When Fatih Terim accepted an emergency call to replace Ersun Yanal as coach midway through Turkey's FIFA World Cup qualifying campaign he was taking on a difficult assignment. Against the odds, he is two games away from reaching the finals in Germany.
Turkey were in danger of losing out to Greece and Denmark in a tight race for the runners-up spot in Group 2. With Terim at the helm, they look a different team. A draw against Denmark in his first match on 3 September gave hope and Turkey proved it was no false dawn by winning away to leaders Ukraine. Turkey had seized the momentum and they clinched second place with victory against Albania.
"Most people didn't expect this achievement though I was confident of success," Terim told uefa.com as he contemplated this week's play-off against Switzerland. "At every opportunity I have expressed my faith in [my players]. I never deny it was a tough task. We played Denmark at home and then travelled to Ukraine and Albania for even harder matches. In this troubled situation they showed their skill and we opened a way to the finals. Since we started working together we have had maybe less than 15 training sessions together so they have done an outstanding job. We don’t want to miss our chance now. There are better teams already in the finals. If we want to play them, we have to be able to defeat anyone in the play-offs. If we can't, we have no job in Germany."
Terim speaks with pride of his side's achievement, something Turkish supporters came to expect from a coach who has raised his nation's footballing profile over the past decade. In his first spell in charge, Terim led Turkey to EURO 96™, the nation's first European Championship final. He then joined Galatasaray SK, winning the Istanbul side four consecutive league titles before lifting the UEFA Cup in 2000, Turkey’s first European triumph. Every Turkish player wanted to work with Terim. Foreign clubs took note.
Decline and fall
Terim moved to Italy and after an initial success at AC Fiorentina took the top job at AC Milan. There things turned sour. He was dismissed after a few games and returned to Galatasaray where he was unable to hit the heights of his first spell. People questioned his contribution to their UEFA Cup victory. Players Gheorghe Hagi, Gheorghe Popescu and Hakan Şükür were now seen as the architects of that triumph, not the coach. Terim's career was in decline. He was sacked in March 2004 and was out of the game for over a year. "I thought about my mistakes and analyzed myself, reconsidering the decisions I had made," he says. "I spent more time with my family and did things I hadn't been able to do because of football."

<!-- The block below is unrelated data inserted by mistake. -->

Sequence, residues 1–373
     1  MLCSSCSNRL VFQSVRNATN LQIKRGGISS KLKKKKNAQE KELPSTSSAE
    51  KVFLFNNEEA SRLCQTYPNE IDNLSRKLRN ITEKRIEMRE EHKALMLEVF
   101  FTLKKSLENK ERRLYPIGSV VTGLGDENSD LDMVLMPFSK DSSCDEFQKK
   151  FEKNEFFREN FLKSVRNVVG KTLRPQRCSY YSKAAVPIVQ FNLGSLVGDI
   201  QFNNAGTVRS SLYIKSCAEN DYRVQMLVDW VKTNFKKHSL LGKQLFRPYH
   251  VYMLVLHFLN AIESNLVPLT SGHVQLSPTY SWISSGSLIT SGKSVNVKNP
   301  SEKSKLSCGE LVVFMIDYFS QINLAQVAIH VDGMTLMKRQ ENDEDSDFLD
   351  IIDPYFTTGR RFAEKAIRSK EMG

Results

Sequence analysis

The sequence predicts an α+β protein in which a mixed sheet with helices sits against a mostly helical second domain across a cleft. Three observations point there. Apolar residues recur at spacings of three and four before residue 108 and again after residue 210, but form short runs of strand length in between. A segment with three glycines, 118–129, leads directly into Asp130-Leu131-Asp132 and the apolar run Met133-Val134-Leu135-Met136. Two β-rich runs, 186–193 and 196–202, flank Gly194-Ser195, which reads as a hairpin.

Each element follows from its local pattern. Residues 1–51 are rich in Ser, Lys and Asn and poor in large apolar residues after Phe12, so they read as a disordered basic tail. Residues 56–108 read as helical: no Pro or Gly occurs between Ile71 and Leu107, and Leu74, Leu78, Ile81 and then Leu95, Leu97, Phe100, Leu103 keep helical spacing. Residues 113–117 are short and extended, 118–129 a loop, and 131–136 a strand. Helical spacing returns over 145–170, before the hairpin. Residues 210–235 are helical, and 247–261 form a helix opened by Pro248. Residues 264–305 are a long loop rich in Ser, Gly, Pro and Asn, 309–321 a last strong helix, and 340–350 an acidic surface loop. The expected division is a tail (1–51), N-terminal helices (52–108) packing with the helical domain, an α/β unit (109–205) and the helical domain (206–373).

The break from the game seems to have had a positive effect. The jury was out when the Turkish FA turned to Terim, but he is fast proving his critics wrong, rebuilding his reputation in the process. Terim is best known for his motivational skills, and he is getting the best out of his players again. “Firstly, motivation means nothing unless you physically and tactically prepare your player. Secondly we avoid turning international games into a national cause when we mentally prepare our players. I want my players to be relaxed and enjoy the game, playing to their full capacity."
Terim’s golden touch has turned Beşiktaş JK veteran midfielder Tümer Metin into a match-winner after being overlooked by Yanal. He scored in both 1-0 victories against Ukraine and Albania and in the draw with Denmark. Terim has also got the best out of 17-year-old Nuri Şahin who made his debut in a friendly against Germany and scored the deciding goal in a 2-1 victory. "I have only helped them harness their potential, that's it," the 52-year-old says. "This is their success." Tümer disagrees: "He is a great leader."
Terim is in for the long-haul. He has signed a five-year contract with the national side and is looking beyond Germany to EURO 2008™ and the 2010 World Cup. He helped raise expectation levels in Turkish football and is living with the consequences. "If our teams cannot finish in the top three at tournaments they're declared unsuccessful. This is totally wrong. Consistently participating in such big competitions is as important as reaching higher targets. Compared to past achievements, of course there is a decline in Turkish football. This nation has a UEFA Cup winner and the national team finished third at the 2002 World Cup, so the claims are true. Nevertheless, even if others call this a period of decline I prefer to name it as a recovery or rebuilding period."
Terim could be talking about himself. After a difficult spell his recovery period, like Turkey's, is well under way. He has performed a small miracle getting Turkey to the play-offs; now an even bigger challenge lies ahead. Reaching Germany would end a perceived period of decline in more ways than one.
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